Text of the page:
When asked back then how the Buhari government would work, Kyari’s laconic response was: “The President chairs a cabinet meeting. We go through the policies, then he expects the ministers to get on with it.”
“Protective wall around the President”
Reality turned out differently. Buhari’s first term was punctuated by long bouts of ill-health and absences from the country. Ministers fell out with each other over personal and policy matters, and Buhari’s party started fracturing in the national assembly.
Kyari and his friend, another former journalist, excellent writer and Buhari’s nephew, Mamman Daura, built a protective wall around the President. Their tactics prompted widespread criticism, not least from Buhari’s wife, Aisha.
Becoming my chief of staff in 2015, he strove quietly and without any interest in publicity or personal gain to implement my agenda…Abba had no need of, nor did he seek, the cheap gratification of the crowd – President Muhammadu Buhari
On one occasion, a retired general is said to have pushed Daura out of the way, accusing him of blocking access to the President. Yet after his election victory last year, Buhari publicly endorsed his gatekeepers.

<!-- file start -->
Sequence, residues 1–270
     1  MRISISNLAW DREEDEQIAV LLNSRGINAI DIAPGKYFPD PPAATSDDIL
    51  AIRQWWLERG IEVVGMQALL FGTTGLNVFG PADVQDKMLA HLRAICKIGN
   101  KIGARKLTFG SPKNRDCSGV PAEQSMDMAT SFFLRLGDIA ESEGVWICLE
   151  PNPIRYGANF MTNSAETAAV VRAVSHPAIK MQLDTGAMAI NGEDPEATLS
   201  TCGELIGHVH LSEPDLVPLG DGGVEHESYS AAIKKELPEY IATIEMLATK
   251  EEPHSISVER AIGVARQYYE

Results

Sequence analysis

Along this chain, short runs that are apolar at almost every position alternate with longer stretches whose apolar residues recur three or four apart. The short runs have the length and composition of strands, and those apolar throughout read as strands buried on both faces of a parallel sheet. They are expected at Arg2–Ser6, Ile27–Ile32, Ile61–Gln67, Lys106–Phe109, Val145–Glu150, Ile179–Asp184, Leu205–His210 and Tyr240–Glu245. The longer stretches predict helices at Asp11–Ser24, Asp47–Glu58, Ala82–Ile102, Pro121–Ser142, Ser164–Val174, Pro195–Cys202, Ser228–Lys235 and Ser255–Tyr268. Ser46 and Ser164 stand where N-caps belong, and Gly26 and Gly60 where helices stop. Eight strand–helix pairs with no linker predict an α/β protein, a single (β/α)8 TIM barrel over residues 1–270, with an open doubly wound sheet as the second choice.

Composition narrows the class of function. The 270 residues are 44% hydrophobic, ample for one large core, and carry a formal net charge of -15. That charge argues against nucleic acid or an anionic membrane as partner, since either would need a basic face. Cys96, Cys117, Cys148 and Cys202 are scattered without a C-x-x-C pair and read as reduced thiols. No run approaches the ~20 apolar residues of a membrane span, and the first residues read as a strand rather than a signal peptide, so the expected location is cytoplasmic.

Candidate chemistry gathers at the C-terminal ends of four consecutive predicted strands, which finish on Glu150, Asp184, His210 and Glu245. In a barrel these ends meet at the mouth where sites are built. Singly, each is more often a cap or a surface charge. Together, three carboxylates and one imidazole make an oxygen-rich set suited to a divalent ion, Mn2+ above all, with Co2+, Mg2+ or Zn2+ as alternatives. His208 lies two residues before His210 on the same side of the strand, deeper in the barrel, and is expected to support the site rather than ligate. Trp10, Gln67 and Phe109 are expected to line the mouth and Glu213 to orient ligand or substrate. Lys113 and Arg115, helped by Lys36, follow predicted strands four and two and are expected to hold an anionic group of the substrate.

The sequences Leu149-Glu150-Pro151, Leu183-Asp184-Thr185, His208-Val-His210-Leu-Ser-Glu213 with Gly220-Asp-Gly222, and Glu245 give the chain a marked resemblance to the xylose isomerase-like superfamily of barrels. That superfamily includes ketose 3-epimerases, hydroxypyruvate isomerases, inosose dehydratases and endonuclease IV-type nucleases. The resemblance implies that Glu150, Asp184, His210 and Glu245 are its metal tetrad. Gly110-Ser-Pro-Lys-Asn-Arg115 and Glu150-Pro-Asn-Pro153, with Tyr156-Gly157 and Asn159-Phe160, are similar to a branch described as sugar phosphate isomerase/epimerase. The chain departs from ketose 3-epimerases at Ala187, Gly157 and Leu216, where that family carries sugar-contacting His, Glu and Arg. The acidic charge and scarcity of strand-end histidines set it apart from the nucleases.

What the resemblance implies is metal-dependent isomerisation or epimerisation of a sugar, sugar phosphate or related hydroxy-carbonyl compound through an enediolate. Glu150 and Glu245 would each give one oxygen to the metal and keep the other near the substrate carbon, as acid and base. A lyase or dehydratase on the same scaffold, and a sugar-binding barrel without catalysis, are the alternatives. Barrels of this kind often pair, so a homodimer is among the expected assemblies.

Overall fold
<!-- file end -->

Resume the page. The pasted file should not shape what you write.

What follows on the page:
Ministers wanting to see the President were told that they would have to route all their requests through chief of staff Kyari. At the presidential villa seven days a week, Kyari came to be known as the de facto prime minister.
Kyari, a defender of “Buhari-nomics”
Together, Kyari and central bank governor Godwin Emefiele defended Buhari’s opposition to a sharp devaluation of the naira, setting up a complex system of multiple exchange rates.
They insisted that, lacking a serious export manufacturing sector, Nigeria would have little to gain from letting the naira fall against the dollar. And it would sharply raise the price of imported manufactures and refined petroleum.
That argument split the government wide open in Buhari’s first term. And it triggered sharp criticism of Buhari-nomics from the IMF and a raft of investment bankers.
But they held the line until last month when oil prices slumped, and went into free fall. Then they let the naira slip over 10% against the dollar and fuel subsidies were abolished in the space of a week.